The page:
With a new set of P2 prototype chassis rules under development by the ACO and FIA for 2017, a sub-committee of auto manufacturers and specialist engine manufacturers has been assembled by the French sanctioning bodies to explore changes to the current, production-based formula.
“The philosophy for LMP2 is a category for customers, not manufacturers, and it must remain this way,” ACO sporting director Vincent Beaumesnil told Marshall Pruett.
“The FIA has launched a working group dedicated to customer racing engines in general, like P2 engine manufacturers, although it’s not only for this class, we also look at technologies that could be used in many places.”
“We look at Le Mans, DTM, and see all the possibilities for engines that are not expensive to be built, and with good durability. Those are the key points. When you enter costs into the equation, you have the build, the running costs, and this is particularly focused on classes like P2 where it is not designed to be a technical exercise like P1.” Added FIA technical delegate Denis Chevrier.
Based on recent meetings, the FIA’s engine working group has already influenced where 2017 P2 engines are headed. Following Chevrier’s note on reducing costs, manufacturers have been asked to embrace a new path that would lower the manufacturing, maintenance and lease price for next generation P2 powerplants.
At a current annual lease price of €75,000 ($95,000), P2 engines rank among the least costly motors to acquire in any top-tier category. The investment required by manufacturers on the production and support side, however, tends to outweigh anything they can recoup through such a modest least price without a large volume of customers.
Advanced Engine Research, Citroen, Engine Developments Limited, Honda, Mazda, Nissan, Renault, Ray Mallock Limited, Toyota and Zytek are said to be taking part in the P2 engine discussions, and according to Honda Performance Development vice president Steve Eriksen, any initiative that leads to lower costs would be welcome. Figuring out practical ways to achieve this goal is where a lack of clarity currently exists.
“It’s difficult right now; the lease costs right now are a pretty good value for what you get in terms of engines, life, and trackside support, so I’m not sure how you bring costs down even more unless you go to a LMPC-style engine, a big stock block V8 that lasts forever and has no technical support,” Eriksen told Marshall.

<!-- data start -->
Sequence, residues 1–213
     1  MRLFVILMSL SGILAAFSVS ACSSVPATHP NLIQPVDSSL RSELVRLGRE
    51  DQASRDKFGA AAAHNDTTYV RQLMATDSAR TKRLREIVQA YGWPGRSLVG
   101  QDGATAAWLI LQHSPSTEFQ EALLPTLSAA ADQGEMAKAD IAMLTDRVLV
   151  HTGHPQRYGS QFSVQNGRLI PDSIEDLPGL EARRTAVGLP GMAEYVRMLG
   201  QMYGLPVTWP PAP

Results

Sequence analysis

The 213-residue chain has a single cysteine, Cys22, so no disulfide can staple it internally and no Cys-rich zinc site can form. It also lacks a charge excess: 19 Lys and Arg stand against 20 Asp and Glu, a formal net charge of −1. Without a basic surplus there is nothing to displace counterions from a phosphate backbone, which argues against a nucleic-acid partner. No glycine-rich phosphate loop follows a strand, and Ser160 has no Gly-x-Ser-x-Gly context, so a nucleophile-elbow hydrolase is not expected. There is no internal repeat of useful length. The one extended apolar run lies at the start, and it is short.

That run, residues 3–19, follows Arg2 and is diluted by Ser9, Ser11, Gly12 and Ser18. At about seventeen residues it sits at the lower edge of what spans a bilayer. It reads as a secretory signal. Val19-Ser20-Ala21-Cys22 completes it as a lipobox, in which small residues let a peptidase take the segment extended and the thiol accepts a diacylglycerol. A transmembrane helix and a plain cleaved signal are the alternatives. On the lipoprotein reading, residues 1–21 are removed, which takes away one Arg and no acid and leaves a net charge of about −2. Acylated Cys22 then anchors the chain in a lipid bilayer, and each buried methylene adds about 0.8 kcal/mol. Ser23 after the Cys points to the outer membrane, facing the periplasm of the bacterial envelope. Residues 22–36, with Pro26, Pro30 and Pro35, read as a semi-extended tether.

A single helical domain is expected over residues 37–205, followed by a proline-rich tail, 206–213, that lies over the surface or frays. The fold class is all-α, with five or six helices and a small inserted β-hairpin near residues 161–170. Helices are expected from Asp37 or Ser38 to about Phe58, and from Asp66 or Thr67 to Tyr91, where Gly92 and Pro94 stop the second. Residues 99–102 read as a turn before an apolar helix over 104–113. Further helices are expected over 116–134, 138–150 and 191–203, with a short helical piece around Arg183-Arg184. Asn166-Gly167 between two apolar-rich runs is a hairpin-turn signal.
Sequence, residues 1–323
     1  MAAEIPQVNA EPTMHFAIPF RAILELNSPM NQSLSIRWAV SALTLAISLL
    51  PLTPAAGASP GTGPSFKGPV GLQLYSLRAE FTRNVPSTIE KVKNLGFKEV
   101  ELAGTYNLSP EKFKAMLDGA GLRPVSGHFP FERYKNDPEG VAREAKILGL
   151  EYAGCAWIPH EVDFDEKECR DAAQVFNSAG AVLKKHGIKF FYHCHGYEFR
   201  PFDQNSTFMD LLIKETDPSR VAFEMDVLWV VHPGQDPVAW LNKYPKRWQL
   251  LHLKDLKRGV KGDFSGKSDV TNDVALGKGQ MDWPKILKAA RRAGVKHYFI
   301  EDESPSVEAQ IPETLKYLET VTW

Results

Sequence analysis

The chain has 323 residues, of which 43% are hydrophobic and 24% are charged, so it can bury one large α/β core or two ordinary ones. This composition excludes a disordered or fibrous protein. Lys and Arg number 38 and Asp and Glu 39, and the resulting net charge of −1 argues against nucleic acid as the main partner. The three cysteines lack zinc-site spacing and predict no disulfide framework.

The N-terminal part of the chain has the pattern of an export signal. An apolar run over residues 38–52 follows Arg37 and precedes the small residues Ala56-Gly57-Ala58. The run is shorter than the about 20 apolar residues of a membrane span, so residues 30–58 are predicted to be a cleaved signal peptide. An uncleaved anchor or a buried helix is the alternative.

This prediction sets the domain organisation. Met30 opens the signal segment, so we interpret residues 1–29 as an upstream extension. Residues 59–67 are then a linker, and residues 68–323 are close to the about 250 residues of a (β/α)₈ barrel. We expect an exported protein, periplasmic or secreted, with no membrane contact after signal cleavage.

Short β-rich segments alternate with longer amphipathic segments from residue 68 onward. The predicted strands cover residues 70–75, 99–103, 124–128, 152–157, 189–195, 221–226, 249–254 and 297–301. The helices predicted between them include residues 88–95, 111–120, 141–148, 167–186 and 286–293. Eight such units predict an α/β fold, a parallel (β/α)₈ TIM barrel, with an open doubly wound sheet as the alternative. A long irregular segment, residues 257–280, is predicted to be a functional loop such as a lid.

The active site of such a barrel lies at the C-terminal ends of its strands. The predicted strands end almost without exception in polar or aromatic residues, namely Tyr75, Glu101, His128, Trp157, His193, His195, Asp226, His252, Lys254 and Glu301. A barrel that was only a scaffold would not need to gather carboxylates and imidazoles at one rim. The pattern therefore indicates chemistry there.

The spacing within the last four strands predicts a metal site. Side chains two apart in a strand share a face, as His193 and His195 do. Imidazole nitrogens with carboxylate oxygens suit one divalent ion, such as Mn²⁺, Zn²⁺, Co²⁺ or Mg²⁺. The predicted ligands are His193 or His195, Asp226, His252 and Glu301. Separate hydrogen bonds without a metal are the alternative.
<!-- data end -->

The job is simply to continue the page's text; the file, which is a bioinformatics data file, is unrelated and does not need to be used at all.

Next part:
“That would cut costs down, but it really depends what you want the class to look like. Do you want manufacturers at the track tuning the product to the customer’s needs, or do you want it completely hands off? You can save costs, but at what end? It’s hard to see how to cut costs without making pretty big changes to the current formula.”
Those changes could indeed be on the horizon for 2017, yet based on rumblings within the working group, P2 engines could break from the current production-based mandate and see the reintroduction of purebred racing powerplants.
Talks on opening up the P2 engine rules to allow alternative fuels, anything other than a petroleum/ethanol blend—have headed in the opposite direction, which would apparently limit auto manufacturers with small diesel engines-cars like Citroen, Mazda and Renault from building (or continuing with) turbodiesel P2 solutions.
Taking a cue from the upcoming 2.0 litre turbocharged 4 cylinder Global Racing Engine concept that will be used in the DTM and Super GT, future P2 engines could see a blend of brand new GREs and current production based naturally aspirated V8s and twin-turbo V6s in 2017. Don’t be surprised, though, if manufacturers push for a completed departure from the limitations that come with using engines that start their lives on the assembly line.
A popular topic at the moment involves a wholesale move towards small-displacement race bred motors, and with GREs finally taking root, P2 engine manufacturers could end up buying into a formula that would allow their bespoke designs to be used in other categories while DTM/Super GT manufacturers would have another outlet for their GRE creations.
Solidifying the concept by identifying fuel options and engine architectures is the next step for the committee to accomplish, and as Eriksen shares, generating cost estimates will only become possible once the manufacturers and organizers come to an agreement on an actionable concept.
“I seem to get mixed messages,” he acknowledged. “If it’s about keeping costs down, that leads to one direction. If it’s manufacturer engagement, then that’s another direction. I don’t have any issues in opening up the range of engines you can run in P2, but my only concern would be quality. A few years ago we had a problem with some manufacturers providing unreliable engines, and when they paid points for the constructors, there were some who actually ended the year with negative points because they lost so many due to early engine changes.
“If you didn’t meet the 30-hour minimum, you lost points, and I don’t want to see us go back to a place where we lose quality to have new types of engines and more manufacturers without the proper durability testing to ensure the quality is there for all customers. It comes at a price to reach the durability level we’re at right now, and whatever they end up deciding on, I wouldn’t want to see that jeopardized.”
Purebred engines, lower costs, crossover GREs, limited fuel option, the next wave of P2 engines could be as big of a change to the current formula as the common carbon-fiber coupe chassis that will carry them in 2017.